The growing importance of backchannel: or why the World Cup happened on Twitter and not in South Africa


When Faris Yakob tweeted this at the beginning of the World Cup final, he articulated something I’d dimly realised a couple of weeks earlier, i.e. for significant portions of the time I was more interested in what was being said on Twitter about the World Cup than what was happening on TV (not what was being said on TV, that’s a given, but the actual action). Even in pubs watching it with groups of friends, I’d have one eye on my phone to see what Twitter made of any particular incident.

Of course the biggest sin in strategy/planning is to take your own behaviour as a starting point for any insight. All planners are sinners of course, and while Faris’s observation was a personal one, is there any evidence that this is a view shared by the wider public? Well, it would seem that there is. A recently commissioned study from the Yahoo and Nielsen has found that 75% of American Internet users surf the Internet while they’re watching TV. That’s up 20% from a year ago. More importantly, the same report found that 54% of the multitaskers are “primarily focused” on the Internet rather than TV. So far so good, in a two screen scenario people are more interested in the Internet than the telly. However, the report does conclude that a lot of what people are looking at on the net has nothing to do with what they are ‘watching’ on TV. So perhaps, unlike Faris or I, they’re not that interested in the back channel. And I don’t dispute that this is true in aggregate, however, I’d like to bet that there is a much closer correlation between TV and Internet during big media events, e.g. big sports games, American Idol finals, etc. And of course the Internet is not the only, or probably main backchannel. SMS and chat were, and probably still are, the main backchannels, however, while both have group functionality, unlike Twitter, neither is a particularly efficient broadcast tool. None really admits interesting perspectives from outwith ones immediate social circle. I’m aware that Twitter is still a minority platform, however, Facebook isn’t, and there’s lots of evidence that people are turning to that in a similar way to Twitter.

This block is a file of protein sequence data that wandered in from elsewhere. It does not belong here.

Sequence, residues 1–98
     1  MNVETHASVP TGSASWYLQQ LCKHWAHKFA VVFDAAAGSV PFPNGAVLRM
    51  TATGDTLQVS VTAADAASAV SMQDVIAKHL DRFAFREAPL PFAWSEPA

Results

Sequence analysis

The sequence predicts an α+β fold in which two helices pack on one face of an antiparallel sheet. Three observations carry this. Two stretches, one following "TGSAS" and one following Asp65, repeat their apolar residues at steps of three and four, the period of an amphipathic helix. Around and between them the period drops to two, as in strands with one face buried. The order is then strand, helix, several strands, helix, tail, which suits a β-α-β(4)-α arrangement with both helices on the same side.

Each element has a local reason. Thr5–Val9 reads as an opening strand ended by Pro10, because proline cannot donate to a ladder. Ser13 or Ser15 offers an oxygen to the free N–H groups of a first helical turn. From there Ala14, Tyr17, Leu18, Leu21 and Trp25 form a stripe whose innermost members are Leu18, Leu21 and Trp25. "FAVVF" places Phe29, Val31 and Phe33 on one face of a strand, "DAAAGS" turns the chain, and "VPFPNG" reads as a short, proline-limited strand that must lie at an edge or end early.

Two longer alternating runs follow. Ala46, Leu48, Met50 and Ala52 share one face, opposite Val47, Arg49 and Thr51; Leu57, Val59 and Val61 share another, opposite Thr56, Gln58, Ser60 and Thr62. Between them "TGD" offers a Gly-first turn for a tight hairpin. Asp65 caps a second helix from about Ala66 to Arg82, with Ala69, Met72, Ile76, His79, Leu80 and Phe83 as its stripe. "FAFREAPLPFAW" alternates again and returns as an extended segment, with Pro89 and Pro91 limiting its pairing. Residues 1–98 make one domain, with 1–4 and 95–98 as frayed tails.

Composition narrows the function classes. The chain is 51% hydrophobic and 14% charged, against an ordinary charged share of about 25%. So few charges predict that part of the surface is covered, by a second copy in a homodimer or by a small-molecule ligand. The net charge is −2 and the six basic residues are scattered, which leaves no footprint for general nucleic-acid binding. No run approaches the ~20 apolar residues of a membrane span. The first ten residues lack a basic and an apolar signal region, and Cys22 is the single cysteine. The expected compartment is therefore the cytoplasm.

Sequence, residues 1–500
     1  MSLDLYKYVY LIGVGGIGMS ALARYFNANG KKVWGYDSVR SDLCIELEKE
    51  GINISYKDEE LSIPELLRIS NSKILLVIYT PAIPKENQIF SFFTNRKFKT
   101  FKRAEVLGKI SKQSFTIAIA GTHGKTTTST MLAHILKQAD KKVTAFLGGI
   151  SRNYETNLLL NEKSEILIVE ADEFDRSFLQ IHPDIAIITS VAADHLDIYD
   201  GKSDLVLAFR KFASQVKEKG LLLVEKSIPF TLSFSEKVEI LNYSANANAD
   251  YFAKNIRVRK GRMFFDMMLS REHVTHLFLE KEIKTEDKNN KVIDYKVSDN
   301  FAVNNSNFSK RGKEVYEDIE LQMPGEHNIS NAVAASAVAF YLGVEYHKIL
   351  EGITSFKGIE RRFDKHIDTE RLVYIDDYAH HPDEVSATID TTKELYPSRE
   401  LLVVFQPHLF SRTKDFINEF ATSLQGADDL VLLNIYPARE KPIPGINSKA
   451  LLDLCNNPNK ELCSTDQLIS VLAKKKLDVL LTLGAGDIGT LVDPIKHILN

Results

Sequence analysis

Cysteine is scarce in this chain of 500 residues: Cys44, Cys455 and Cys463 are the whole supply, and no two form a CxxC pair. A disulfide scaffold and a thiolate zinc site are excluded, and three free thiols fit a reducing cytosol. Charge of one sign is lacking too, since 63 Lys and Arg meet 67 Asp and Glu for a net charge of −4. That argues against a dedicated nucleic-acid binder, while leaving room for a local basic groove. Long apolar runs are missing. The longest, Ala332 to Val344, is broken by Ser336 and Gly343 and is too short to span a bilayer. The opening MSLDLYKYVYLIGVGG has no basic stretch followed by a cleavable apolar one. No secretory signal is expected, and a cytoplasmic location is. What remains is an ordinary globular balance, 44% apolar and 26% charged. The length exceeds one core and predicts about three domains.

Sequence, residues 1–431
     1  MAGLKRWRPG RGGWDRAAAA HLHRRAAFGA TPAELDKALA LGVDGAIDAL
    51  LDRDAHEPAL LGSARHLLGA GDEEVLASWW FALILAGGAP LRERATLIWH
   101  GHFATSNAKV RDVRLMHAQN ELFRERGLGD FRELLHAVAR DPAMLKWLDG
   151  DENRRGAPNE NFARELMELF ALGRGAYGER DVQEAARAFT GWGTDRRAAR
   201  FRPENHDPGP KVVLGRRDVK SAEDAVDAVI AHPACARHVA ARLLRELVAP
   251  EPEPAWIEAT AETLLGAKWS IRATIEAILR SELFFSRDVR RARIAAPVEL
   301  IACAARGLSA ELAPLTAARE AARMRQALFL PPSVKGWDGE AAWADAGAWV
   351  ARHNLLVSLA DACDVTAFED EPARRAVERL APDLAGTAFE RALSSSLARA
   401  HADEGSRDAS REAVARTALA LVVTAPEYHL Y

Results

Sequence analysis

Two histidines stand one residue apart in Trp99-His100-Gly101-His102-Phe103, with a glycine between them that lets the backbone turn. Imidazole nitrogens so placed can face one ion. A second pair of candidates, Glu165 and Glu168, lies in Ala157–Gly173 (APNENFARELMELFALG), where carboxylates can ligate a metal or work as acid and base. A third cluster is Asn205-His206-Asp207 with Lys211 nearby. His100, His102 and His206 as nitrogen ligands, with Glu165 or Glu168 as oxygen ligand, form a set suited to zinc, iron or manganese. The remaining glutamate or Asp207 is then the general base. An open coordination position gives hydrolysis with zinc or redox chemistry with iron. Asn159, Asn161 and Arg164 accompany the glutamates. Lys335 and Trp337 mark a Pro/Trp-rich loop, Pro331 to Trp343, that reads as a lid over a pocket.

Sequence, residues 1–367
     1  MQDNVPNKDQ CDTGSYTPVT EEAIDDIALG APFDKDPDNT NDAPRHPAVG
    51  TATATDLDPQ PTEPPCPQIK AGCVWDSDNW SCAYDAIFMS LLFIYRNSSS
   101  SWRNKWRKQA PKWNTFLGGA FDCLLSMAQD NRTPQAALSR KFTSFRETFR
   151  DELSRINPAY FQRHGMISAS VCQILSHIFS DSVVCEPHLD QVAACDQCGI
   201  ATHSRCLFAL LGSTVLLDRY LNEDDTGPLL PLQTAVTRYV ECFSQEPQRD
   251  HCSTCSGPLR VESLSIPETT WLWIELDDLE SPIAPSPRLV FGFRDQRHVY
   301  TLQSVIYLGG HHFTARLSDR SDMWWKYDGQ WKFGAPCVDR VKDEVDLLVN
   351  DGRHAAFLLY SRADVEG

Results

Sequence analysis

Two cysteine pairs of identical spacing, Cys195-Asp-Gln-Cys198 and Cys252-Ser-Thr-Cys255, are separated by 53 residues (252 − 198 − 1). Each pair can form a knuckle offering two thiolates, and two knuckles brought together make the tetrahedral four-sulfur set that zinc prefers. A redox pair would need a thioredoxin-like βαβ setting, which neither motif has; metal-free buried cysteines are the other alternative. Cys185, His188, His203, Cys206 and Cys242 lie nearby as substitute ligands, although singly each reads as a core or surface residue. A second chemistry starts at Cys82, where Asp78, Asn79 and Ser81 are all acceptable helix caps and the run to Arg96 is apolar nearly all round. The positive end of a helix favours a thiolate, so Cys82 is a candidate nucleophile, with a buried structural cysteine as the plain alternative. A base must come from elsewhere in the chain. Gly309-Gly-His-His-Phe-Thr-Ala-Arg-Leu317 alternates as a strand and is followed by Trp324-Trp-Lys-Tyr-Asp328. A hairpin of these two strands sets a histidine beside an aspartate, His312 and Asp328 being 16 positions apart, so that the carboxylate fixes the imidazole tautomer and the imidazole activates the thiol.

None of this is anything like conclusive evidence that the ‘general population’ is more interested in the backchannel than the channel itself. However, it does ask a series of interesting questions about the social mediation of events. As I’ve written about before, television is a social medium.

Broadly speaking, I guess it’s possible to view this behaviour in a couple of different ways. Cultural pessimists would, I guess, point to the fragmentation of attention. Cultural optimists might praise the reintroduction of a social aspects to the consumption of media.

Personally speaking, I’m an optimist, I think the social aspects of the backchannel definitely outweigh any of the percieved negatives (I’d definitely rather spend a couple of hours messing around on Twitter instead of having to watch that Spain v Portugal match – that’s a couple of hours of my life that I’m never getting back).

However, it’s perhaps not the cultural but the commercial implications that are most interesting about this research It has some fairly profound implications for those buying TV ads. After all, it looks like half of your reported viewers aren’t even paying attention, and it’s probably worse than that, because they’re almost certainly paying less attention when the ads are on.